We selected 10 teams from the 148 that wanted to partner with us and over 9 months on the ground, we worked with 500+ community organisations, around 150 government agencies, schools, universities, and individuals across the regions of New York, Connecticut and New Jersey. We developed projects that were transformative, that had the opportunity to have a ripple effect, that would create resilient communities while building capacity, while at the same time talked to the hearts and minds of those people on the ground.
The result was 10 groundbreaking projects and we selected 6 as winners, which were awarded with USD920 million. These projects are now in the building phase and are advancing very quickly by US standards. However, some have to negotiate a more complex political environment and need more time.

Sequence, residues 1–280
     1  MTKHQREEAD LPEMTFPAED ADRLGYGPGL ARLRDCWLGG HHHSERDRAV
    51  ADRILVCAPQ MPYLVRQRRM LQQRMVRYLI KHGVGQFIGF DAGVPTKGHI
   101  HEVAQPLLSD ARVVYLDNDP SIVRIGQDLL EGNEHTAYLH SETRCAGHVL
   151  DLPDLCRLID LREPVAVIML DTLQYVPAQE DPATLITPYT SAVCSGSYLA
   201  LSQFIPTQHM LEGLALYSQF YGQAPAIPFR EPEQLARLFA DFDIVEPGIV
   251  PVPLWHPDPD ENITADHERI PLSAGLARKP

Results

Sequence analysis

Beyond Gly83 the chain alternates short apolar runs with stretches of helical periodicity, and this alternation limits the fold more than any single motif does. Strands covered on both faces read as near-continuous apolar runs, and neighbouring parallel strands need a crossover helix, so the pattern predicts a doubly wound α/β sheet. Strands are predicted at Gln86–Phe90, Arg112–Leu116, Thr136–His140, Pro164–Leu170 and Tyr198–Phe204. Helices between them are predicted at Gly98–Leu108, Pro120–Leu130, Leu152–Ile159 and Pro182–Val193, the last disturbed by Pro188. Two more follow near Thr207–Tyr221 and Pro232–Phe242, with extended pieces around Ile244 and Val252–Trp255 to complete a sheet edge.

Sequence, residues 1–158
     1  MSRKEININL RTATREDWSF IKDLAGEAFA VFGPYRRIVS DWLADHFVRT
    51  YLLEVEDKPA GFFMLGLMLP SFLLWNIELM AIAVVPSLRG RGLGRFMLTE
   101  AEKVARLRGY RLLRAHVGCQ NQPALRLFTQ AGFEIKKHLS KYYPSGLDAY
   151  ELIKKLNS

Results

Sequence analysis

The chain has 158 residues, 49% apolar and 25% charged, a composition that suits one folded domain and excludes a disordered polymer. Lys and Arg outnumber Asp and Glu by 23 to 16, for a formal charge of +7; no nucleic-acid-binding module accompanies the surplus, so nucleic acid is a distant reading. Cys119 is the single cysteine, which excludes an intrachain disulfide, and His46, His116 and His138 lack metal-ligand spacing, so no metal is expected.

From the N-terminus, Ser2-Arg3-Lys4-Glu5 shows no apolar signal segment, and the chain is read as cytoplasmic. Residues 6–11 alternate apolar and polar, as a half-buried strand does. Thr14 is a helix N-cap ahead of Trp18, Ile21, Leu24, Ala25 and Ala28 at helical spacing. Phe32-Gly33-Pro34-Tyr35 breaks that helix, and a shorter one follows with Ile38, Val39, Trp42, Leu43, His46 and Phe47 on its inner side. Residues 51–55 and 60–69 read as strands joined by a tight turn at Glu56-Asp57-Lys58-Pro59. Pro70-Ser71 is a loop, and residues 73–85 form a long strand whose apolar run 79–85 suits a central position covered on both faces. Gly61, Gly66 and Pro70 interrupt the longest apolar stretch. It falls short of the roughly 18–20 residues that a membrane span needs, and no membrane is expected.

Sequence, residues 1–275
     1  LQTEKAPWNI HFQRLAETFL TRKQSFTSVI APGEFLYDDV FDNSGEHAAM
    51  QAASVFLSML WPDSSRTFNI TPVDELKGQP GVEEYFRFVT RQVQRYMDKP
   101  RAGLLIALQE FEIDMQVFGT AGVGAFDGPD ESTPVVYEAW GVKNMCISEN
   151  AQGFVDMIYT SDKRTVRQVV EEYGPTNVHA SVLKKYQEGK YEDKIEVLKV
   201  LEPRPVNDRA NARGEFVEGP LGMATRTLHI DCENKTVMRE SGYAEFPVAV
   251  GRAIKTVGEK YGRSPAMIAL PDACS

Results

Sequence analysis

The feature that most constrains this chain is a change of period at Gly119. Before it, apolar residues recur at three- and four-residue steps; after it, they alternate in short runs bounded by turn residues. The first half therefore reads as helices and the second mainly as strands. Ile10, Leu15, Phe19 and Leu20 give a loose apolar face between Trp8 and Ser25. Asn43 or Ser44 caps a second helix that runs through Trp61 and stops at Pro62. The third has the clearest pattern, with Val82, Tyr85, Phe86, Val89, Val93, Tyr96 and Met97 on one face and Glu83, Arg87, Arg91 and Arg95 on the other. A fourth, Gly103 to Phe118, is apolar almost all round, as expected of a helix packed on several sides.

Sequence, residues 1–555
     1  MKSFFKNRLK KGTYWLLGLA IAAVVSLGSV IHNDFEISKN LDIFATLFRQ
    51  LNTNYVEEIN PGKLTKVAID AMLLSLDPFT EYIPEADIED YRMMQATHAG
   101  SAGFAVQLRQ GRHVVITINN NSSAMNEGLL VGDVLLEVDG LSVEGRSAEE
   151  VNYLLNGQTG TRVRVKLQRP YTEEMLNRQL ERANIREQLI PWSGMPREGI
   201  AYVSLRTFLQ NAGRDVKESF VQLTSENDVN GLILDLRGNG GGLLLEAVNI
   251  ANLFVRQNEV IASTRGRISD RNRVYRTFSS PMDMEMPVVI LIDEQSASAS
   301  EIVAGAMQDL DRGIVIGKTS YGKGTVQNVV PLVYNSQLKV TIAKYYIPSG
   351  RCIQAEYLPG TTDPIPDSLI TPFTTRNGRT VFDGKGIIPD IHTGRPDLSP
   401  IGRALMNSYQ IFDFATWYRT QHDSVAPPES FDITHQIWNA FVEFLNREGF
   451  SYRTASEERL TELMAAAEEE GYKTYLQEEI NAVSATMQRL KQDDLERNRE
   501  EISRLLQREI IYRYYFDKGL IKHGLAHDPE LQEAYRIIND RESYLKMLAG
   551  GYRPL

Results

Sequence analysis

President Obama was keen to repeat success on the national scale so I developed the National Disaster Resiliency Competition. This was inspired by the Rebuild by Design competition after Hurricane Sandy and takes the same approach. The difference? Without a disaster, there is no crisis to leapfrog upon to the future. Water is leverage in that sense: it’s piggy-backing on this. Take a crisis as an opportunity, embrace the complexities and step up.
CWR: To wrap up, how optimistic are you for a water secure future?
HO: I am very optimistic. Although I am often in places which are suffering, I meet a young generation that really understands the complexities and is willing to take it on as an opportunity.
“I am very optimistic.”
I also see that with the Paris Agreement and the UN SDGs that there is no escaping this challenge. We have to rise to this window of opportunity for change, or else we fail and that is not an option.